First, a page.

--*- Mode: Indented-text; -*-
Scheme 48: list of bugs and things to do.
Last update by JAR on 3 March 1994.
Run-time system bugs:
MAX and MIN don't do inexact contagion.
Compiler needs to treat calls with more than 63 arguments specially.
Compiler loses if a procedure has more than 254 literals. This
seems to happen a lot with enormous backquote forms, which really
do arise in practice (e.g. PSD, Hanson's macro expander, etc.).
Shadowing can fail sometimes for macro-referenced variables. E.g.
the following sequence will lose if entered interactively as
three separate forms:
(define (foo x) `(a ,x))
(define cons list)
(foo 1) => (a (1 ()))
The WITH-**PUT-FILE and CALL-WITH-**PUT-PORT procedures probably
close ports sooner than the Scheme reports think they ought to.
(They just do the obvious DYNAMIC-WIND.)
If (find-all-symbols) fails due to lack of space, it should GC and
retry (I think) (bug reported by Basile Starynkevitch, 7-21-93)
Error checking for macro & special form syntax.
Fuller on-line documentation.
Error recovery. Can do better than ,proceed. LOAD should set up
Types in scheme-interface (and elsewhere) aren't as tight as they
LET continuation "pessimization" to retain the environment longer.
Have the disassembler display local variable names.
This ought to be recoverable, but isn't always:
> (let loop ((x '())) (loop (cons 3 x)))
not enough room in heap for stack
Put the inspector at its own command level, so that ^D after
errors puts you back in the inspector.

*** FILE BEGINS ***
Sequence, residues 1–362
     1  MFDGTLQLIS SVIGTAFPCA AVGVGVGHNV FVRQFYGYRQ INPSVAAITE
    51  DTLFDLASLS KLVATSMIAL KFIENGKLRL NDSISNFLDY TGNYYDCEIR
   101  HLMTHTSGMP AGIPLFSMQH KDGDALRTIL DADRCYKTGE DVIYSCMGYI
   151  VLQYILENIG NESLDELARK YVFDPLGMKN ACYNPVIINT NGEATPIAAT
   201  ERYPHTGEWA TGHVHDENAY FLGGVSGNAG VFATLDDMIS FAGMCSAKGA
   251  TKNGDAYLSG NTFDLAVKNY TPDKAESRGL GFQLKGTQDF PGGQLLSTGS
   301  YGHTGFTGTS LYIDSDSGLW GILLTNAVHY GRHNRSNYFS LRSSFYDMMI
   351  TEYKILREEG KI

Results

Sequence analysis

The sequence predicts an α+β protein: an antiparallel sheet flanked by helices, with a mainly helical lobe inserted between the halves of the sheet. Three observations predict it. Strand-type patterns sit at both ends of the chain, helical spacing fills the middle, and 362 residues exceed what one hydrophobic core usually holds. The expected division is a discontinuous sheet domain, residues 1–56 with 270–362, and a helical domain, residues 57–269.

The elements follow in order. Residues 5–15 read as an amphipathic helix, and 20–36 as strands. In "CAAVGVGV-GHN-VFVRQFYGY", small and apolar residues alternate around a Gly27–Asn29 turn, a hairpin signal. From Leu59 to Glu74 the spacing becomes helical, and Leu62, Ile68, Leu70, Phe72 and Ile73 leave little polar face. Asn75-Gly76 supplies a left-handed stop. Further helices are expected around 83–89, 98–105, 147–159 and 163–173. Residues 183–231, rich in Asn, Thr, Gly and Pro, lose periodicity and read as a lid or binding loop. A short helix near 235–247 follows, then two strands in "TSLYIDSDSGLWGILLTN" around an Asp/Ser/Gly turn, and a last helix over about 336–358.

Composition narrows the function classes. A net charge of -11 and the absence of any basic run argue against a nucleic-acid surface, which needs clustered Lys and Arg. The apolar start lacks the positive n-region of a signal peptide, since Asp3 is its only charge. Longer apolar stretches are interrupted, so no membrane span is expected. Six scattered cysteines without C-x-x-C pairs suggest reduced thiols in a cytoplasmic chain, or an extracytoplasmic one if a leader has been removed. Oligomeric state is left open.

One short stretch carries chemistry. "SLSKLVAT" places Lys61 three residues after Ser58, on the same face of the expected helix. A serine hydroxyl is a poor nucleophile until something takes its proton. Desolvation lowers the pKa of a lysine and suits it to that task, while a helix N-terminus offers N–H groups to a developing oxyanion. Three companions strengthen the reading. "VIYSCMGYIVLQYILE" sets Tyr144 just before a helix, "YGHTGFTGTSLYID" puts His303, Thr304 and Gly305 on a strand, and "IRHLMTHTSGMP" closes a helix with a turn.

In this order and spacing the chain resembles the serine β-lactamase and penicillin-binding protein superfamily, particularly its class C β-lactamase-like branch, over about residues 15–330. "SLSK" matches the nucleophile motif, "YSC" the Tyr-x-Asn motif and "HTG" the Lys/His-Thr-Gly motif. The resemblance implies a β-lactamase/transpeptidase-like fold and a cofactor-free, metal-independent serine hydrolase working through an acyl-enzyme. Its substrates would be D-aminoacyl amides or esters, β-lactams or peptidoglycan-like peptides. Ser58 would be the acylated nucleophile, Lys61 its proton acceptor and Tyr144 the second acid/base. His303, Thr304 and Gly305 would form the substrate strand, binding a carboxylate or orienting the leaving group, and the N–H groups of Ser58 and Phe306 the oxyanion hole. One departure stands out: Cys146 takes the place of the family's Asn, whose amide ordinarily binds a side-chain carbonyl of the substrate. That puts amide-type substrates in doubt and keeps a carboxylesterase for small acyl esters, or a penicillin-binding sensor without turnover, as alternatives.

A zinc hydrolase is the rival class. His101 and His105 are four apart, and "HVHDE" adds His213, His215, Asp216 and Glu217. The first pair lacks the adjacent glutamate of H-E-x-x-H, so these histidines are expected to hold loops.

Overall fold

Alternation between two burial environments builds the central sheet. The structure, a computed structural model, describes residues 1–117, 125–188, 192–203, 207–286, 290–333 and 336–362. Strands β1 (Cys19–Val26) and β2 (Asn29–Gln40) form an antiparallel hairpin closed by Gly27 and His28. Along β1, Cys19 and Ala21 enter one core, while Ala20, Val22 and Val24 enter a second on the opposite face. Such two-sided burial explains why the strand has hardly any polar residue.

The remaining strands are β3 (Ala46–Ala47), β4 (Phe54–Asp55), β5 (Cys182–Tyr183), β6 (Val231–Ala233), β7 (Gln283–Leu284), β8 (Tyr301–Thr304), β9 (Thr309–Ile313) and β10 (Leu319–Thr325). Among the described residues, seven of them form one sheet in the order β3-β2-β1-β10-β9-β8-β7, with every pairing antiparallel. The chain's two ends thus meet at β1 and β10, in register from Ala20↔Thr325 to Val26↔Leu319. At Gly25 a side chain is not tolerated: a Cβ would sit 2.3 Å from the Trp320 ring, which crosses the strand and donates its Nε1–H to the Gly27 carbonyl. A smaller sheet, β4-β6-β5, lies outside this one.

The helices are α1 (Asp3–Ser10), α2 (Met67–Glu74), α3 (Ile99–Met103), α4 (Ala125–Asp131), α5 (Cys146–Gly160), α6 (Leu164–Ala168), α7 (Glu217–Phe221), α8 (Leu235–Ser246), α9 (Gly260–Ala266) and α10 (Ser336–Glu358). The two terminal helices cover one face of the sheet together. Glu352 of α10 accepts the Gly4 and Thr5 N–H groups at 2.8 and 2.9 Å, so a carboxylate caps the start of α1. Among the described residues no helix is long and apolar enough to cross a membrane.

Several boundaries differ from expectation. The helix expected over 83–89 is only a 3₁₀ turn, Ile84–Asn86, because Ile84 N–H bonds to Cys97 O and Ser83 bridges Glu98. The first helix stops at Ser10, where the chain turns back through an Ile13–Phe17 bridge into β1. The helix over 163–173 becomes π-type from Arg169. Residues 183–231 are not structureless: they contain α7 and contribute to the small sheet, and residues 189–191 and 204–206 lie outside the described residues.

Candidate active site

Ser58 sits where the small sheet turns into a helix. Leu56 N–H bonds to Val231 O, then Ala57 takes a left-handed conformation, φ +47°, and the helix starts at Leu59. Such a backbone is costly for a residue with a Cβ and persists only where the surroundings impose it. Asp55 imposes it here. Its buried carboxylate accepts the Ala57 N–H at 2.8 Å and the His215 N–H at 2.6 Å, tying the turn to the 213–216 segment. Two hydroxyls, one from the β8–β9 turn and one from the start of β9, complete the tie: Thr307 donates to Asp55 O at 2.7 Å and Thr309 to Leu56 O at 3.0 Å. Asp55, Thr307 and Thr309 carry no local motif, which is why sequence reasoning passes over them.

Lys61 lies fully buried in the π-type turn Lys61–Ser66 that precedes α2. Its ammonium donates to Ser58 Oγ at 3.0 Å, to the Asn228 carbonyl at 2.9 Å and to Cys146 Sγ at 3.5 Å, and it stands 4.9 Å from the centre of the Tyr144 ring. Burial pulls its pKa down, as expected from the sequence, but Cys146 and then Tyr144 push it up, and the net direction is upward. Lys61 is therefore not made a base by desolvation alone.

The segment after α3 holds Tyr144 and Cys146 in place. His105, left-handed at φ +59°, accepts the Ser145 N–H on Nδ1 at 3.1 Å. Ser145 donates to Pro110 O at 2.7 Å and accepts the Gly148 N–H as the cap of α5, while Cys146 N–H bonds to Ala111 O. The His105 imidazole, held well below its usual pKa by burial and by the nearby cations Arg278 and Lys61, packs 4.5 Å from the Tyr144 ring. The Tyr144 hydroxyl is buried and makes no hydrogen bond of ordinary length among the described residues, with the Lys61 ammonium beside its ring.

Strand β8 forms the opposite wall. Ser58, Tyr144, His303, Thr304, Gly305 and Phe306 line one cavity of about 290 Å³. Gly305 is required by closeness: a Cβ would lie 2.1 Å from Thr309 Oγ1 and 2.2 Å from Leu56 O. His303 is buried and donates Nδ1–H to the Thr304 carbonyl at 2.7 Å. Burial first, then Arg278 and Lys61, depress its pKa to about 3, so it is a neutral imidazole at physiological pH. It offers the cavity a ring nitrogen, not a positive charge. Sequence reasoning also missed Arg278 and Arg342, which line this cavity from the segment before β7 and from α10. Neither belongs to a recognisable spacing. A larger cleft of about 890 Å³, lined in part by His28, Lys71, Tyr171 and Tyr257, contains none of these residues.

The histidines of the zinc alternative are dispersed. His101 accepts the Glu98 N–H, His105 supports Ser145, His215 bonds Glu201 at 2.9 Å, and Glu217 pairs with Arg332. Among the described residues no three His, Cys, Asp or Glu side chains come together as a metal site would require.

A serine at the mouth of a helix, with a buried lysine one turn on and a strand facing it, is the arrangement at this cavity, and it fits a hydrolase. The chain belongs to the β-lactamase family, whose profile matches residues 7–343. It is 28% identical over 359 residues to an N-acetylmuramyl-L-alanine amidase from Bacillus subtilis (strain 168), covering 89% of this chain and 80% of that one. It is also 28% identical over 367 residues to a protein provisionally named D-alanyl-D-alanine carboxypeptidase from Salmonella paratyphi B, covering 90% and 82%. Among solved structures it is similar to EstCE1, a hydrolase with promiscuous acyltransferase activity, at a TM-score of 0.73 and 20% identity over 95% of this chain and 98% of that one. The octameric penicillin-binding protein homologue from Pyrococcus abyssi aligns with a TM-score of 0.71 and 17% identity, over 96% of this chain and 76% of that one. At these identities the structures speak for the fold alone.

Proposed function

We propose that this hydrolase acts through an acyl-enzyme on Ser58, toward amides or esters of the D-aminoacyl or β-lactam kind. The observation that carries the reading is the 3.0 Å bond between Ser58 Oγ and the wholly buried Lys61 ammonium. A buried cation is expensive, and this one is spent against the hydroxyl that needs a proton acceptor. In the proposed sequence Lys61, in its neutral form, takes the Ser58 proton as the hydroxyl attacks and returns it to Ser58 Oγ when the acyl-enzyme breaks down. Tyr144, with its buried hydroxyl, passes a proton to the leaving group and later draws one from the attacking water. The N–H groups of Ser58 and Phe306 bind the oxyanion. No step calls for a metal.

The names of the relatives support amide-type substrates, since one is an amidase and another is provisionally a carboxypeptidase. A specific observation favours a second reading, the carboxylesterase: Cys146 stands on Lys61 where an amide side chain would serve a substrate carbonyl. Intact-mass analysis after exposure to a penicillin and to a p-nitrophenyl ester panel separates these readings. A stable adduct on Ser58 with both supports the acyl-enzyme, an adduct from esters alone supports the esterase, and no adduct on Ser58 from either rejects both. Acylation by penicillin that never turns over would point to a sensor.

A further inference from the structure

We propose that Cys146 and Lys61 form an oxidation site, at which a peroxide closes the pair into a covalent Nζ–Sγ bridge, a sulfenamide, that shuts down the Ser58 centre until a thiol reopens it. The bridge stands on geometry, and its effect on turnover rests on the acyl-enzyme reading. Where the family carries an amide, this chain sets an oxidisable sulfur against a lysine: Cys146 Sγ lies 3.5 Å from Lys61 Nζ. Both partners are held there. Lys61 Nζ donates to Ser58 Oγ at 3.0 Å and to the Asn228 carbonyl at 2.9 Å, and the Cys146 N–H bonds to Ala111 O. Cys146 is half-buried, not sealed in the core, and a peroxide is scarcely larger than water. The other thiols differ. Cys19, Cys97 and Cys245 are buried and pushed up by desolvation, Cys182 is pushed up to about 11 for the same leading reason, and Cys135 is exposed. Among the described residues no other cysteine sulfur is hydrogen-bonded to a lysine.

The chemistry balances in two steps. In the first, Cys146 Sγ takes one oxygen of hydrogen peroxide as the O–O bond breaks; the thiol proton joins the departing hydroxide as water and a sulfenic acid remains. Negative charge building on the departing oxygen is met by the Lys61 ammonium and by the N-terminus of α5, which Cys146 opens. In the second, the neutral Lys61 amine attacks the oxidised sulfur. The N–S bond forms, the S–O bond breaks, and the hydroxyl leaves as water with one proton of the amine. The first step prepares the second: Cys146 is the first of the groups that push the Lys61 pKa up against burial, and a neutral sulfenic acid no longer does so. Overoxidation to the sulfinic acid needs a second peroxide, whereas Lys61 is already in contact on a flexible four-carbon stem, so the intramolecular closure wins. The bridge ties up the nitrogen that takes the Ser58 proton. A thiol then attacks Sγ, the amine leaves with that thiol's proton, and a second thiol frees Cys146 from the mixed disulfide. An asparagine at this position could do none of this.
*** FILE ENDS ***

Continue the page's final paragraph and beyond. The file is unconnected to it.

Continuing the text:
The get-cont-from-heap instruction should have an exception
discloser that indicates the actual error (returning a
non-fixnum from application top level).
Separate compilation (compile a module, writing object code to a
file). (Rudiments in misc/separate.scm)
Semicolon comments don't quite work after commands (extra newline
Command (and procedure) to change current directory.
More compact representation for debugging data?
Leaf procedure compilation (RK's rts/no-leaf-env.scm): if no
continuations or lambdas, skip the make-env and access locals
using stack-ref. Expected to gain about 6% in speed.
Optimize loops somehow (maybe using call-template opcode and/or
The CAML light implementation has good documentation and patches
for optimizing the interpreter's switch (*pc++); perhaps we
could lift some of it. (Range check isn't necessary.)
Floating point support in VM.
Bignum support in VM: use MIT Scheme bignums or GNU Multiple
Precision Arithmetic Library (Torbjorn Granlund <firstname.lastname@example.org>).
Faster bignum printer (e.g. the one Richard wrote - but it would be
nice if it were an option tied to bignums, not built in to the
Ratnum multiplication and division might be made more efficient by
Native code compiler...
Big Scheme features:
,more-threads command doesn't get defined (new bug in 0.26).
How about deleting entries from tables?
Non-blocking I/O for threads. I think access to Unix select() might
be sufficient (with pause() and sleep() as degenerate cases).
Look at concurrent ML source code, which gets this right.
Add call/gcc (invokes the Gnu C compiler).
It would be nice if WITH-MULTITASKING returned whatever the thunk
,exit following ,start-threads causes a core dump.
Module system bugs:
,untrace should undefine as well if the variable wasn't bound
Compound signatures don't get updated when a component signature
changes. They contain a list of signatures with no reinitialization
thunk a la structures and packages.
Module system features:
Check for name conflicts between opened structures.